Reproductive-cell cycle theory

From Wikipedia, the free encyclopedia
Jump to navigation Jump to search

The Reproductive-Cell Cycle Theory posits that the hormones that regulate reproduction act in an antagonistic pleiotrophic manner to control aging via cell cycle signaling; promoting growth and development early in life in order to achieve reproduction, but later in life, in a futile attempt to maintain reproduction, become dysregulated and drive senescence.[1] Rather than seeing aging as a loss of functionality as we get older, this theory defines aging as any change in an organism over time, as evidenced by the fact that if all chemical reactions in the body were stopped, no change, and thus no aging, would occur. Since the most important change in an organism through time is the chemical reactions that result in a single cell developing into a multicellular organism, whatever controls these chemical reactions that regulate cell growth, development, and death, is believed to control aging. The theory argues that these cellular changes are directed by reproductive hormones of the hypothalamic-pituitary-gonadal axis (HPG axis). Receptors for reproductive hormones (such as estrogens, progestogens, androgens and gonadotropins) have been found to be present in all tissues of the body. Thus, HPG axis hormones normally promote growth and development of the organism early in life in order to achieve reproduction. Hormones levels then begin to change in men around age 30 and more abruptly in women when they reach menopause, around age 50. When the HPG axis becomes unbalanced, cellular growth and development is dysregulated, and cell death and dysfunction can occur, both of which can initiate senescence, the accumulated damage to cells, tissues, and organs that occurs with the passage of time and that is associated with functional loss during aging.

Evidence supporting this theory comes from disease studies showing that women who reach menopause later have less heart disease and stroke, less dementia, and less osteoporosis, supporting the theory that the longer the HPG axis is in balance, the less likely one is to develop age-related diseases. Conversely, early surgical menopause has been demonstrated to increase the incidence of these diseases. However, the most compelling supportive evidence is from studies of Hormone Replacement Therapy (HRT). Research with women and men undertaking HRT has shown that taking sex hormones that are biologically identical to human hormones delays the onset, decreases the incidence of, and can reverse the course of age related illnesses such as heart disease, Alzheimer's disease, osteoporosis, and some types of cancer. However, only biological hormones appear to have these effects. The use of non-human or synthetic hormones has been shown to increase the risk of certain of these diseases. Compellingly, 18 studies have demonstrated an increase in longevity for those women taking HRT.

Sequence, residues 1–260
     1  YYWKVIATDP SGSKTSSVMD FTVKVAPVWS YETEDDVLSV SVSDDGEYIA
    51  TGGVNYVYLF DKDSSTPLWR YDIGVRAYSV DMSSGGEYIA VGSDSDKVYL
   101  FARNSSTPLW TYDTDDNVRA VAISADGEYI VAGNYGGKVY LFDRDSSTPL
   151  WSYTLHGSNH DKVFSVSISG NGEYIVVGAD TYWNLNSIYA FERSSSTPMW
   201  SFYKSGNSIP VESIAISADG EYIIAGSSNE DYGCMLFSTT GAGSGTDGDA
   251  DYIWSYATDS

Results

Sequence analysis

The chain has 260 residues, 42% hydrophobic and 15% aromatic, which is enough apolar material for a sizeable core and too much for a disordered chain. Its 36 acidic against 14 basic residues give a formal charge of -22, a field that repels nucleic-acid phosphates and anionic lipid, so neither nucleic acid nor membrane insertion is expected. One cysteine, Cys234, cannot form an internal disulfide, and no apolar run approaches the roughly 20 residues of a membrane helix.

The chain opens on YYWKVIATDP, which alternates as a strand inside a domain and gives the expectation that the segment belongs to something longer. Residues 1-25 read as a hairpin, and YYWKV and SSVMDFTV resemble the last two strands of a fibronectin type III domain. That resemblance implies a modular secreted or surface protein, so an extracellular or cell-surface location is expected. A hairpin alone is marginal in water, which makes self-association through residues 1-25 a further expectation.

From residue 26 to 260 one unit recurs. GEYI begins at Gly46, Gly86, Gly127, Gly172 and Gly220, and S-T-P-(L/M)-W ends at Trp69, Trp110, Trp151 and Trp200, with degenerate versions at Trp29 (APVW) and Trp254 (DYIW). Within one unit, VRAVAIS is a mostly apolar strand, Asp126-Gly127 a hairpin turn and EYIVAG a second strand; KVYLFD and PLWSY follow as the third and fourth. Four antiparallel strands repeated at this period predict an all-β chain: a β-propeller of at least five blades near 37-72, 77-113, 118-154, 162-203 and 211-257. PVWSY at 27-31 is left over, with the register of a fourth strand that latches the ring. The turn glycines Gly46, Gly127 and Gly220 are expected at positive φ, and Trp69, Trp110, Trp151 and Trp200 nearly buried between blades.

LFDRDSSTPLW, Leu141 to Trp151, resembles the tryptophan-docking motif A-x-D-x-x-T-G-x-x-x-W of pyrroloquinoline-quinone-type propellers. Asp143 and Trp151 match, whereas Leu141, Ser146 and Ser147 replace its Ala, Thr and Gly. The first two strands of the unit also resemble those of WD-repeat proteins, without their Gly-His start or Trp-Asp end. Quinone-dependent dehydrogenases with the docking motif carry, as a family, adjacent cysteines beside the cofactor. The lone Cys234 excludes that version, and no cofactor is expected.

Further studies in support of the theory have shown that suppressing the HPG axis, such as when organisms experience either caloric restriction, cold, or exercise stress, increases lifespan. This is thought to be an evolutionary conserved mechanism that allows organisms to suppress HPG axis signaling and reproduction, thereby conserving reproductive resources (germ cells) for a later time when the environment is better suited to raising offspring. By having the same hormones regulate both reproduction and aging, an animal is able to modulate its fertility and its rate of aging based on environmental conditions.[1]

Recent parabiosis studies prove many of the tenets of the Reproductive Cell-Cycle Theory of Aging. In these experiments, where a young mouse is coupled surgically with an aged mouse, circulating factors from the young mouse rejuvenates the tissues of the old mice. In particular, these studies indicate the importance of circulating factors in regulating the maintenance of neuronal (Villeda et al., 2011), vascular (Katsimpardi et al., 2014), muscular and liver (Conboy et al., 2005; Sinha et al., 2014) structure and function.

See also[edit]

External links[edit]

  • The Laboratory of Aging, Endocrinology and Disease [1]


  1. ^ a b Bowen RL, Atwood CS (2011). "The reproductive-cell cycle theory of aging: an update". Experimental Gerontology. 46 (2): 100–107. doi:10.1016/j.exger.2010.09.007. PMID 20851172.